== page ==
Accenture CEO on gender equality: “We have to take care of all people” (video)

12 Nov 2015476 Shares

Accenture’s CEO Pierre Nanterme has appeared in a series of videos advocating for why gender equality in STEM is so important, using his 15-year-old daughter as an example.

Accenture has previously talked about the importance of bridging the gender gap, most noticeably last June when it published its report entitled Continuing to Power Economic Growth: Attracting More Young Women into Science and Technology 2.0.

Sadly, it concluded that, while some progress has been made, negative perceptions and gender stereotypes persist among the 600 girls, young women, parents and teachers surveyed.

And yet, while 80pc of those surveyed understood the opportunities that STEM provides for them, 48pc of them believed that the jobs were still more suited to men.

And now, the company’s CEO has teamed up with the storytelling project group Dear World to give a reflection of what bridging this gap means to him.

Writing a message on his arm to show the viewer, Nanterme references his 15-year-old daughter Marie as a prime example of someone young that should be given the same opportunities that he had growing up.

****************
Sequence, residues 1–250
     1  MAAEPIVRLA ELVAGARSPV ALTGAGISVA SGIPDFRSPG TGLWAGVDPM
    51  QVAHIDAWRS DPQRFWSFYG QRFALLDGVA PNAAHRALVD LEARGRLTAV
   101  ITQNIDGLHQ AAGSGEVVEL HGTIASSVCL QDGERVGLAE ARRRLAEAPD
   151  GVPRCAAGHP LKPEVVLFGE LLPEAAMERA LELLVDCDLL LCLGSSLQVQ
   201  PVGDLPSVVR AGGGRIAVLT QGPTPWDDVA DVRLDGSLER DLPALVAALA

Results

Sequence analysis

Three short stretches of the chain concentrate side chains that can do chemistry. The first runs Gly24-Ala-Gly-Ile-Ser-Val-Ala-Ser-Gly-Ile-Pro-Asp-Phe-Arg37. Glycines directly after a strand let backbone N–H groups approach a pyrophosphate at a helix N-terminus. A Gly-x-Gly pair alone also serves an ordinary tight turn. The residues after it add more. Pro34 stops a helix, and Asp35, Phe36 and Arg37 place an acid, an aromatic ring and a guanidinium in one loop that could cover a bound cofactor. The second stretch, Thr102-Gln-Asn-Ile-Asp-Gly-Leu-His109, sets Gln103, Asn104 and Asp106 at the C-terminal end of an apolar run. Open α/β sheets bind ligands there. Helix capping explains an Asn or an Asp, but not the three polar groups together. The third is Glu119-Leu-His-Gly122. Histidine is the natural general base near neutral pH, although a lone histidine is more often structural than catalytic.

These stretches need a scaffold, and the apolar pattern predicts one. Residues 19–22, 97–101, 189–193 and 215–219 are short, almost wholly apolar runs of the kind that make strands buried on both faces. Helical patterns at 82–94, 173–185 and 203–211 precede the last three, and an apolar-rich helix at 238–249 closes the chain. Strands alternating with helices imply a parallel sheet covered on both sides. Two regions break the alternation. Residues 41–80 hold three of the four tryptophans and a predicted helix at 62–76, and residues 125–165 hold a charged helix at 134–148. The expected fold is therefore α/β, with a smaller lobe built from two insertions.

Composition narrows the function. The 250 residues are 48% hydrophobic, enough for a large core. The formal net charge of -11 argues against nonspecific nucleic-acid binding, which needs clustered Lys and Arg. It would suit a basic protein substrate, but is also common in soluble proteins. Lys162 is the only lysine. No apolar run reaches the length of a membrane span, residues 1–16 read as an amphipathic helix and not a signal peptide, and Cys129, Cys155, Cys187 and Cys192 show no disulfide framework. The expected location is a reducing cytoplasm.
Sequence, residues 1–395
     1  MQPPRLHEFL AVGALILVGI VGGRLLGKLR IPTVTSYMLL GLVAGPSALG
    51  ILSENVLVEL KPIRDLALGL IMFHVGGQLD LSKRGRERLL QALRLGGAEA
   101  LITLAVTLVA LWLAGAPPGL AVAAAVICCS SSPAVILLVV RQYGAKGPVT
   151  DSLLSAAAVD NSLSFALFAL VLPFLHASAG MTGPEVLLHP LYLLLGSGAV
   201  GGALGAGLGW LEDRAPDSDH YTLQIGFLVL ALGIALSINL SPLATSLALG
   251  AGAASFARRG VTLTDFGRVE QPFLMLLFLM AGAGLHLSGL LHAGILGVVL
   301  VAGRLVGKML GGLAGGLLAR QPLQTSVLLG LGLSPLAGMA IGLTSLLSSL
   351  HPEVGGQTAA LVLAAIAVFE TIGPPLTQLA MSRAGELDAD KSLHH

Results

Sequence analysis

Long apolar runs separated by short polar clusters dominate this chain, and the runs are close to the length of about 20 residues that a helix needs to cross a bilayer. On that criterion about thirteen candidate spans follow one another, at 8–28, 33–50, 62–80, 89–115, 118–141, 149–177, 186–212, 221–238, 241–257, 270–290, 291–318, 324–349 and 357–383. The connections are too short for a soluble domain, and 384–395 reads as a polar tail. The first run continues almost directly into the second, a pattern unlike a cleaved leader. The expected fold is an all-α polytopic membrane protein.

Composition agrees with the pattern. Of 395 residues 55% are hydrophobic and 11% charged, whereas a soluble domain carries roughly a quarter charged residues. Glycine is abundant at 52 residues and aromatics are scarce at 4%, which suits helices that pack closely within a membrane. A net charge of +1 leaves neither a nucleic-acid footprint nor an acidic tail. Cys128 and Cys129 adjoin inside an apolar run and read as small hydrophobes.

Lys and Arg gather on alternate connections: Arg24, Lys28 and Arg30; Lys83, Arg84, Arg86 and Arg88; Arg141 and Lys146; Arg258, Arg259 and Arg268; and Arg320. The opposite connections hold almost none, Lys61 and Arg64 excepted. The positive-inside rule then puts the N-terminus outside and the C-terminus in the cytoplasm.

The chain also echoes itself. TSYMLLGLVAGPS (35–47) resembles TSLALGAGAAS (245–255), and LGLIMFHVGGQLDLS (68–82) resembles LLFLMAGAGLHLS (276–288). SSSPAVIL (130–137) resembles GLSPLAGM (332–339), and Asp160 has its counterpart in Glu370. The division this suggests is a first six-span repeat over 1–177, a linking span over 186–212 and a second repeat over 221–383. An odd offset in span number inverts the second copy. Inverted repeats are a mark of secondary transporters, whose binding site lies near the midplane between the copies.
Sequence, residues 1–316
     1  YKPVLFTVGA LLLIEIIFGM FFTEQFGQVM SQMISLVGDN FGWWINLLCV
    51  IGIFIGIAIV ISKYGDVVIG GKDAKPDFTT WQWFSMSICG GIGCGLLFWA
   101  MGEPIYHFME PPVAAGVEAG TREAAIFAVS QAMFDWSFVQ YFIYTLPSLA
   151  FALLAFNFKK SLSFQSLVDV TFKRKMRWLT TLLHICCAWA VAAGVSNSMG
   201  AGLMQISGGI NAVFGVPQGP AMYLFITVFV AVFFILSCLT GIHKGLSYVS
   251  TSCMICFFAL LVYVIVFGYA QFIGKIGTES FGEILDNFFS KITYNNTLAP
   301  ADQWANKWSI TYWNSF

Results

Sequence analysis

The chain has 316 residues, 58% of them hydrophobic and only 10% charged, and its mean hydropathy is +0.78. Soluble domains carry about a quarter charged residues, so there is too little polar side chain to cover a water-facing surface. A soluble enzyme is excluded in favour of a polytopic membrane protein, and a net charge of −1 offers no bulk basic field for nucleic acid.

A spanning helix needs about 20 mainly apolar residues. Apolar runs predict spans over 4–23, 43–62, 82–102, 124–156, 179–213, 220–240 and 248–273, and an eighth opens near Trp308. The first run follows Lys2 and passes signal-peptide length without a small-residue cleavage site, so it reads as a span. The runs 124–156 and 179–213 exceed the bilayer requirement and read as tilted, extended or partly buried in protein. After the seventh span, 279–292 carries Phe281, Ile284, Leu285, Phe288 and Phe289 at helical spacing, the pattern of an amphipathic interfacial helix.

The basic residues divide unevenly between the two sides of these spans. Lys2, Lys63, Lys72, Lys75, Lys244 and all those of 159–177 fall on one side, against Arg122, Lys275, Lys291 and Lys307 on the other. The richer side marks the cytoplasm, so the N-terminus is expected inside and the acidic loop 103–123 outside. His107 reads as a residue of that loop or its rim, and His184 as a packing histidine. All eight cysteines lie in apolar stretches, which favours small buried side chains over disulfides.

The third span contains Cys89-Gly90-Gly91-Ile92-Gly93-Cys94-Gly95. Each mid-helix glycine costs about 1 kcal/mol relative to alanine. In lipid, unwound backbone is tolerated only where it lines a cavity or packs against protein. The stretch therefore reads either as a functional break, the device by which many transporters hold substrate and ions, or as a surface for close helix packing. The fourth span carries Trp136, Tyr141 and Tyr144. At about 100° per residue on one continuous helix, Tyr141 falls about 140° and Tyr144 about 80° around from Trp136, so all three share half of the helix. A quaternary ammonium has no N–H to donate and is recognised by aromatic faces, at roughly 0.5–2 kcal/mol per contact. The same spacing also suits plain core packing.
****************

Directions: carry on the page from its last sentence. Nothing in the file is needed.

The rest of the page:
“I feel this obligation to give the next generation the chance they deserve and when you’re leading a company … and you have the opportunity to make a contribution outside, for me that would be very simple,” Nanterme says.

“Gender equality is just the right thing to do and, guess what, it’s not as universal as you might think.”

Inspirefest is Silicon Republic’s international event connecting sci-tech professionals passionate about the future of STEM. Join us again from 30 June to 2 July 2016 for fresh perspectives on leadership, innovation and diversity. Get your Super Early Bird tickets from 1 November.

Colm Gorey
By Colm Gorey

As an award-winning editor for Consumer Magazine of the Year 2013, Colm joined Siliconrepublic.com in January 2014 as a journalist covering AI, IoT, science and anything that will get us to Mars quicker. When not trying to get his hands on the latest gaming release, he can be found lost in a sea of Wikipedia articles on obscure historic battles and countries that don't exist anymore or watching classic Simpsons episodes far too many times to count.

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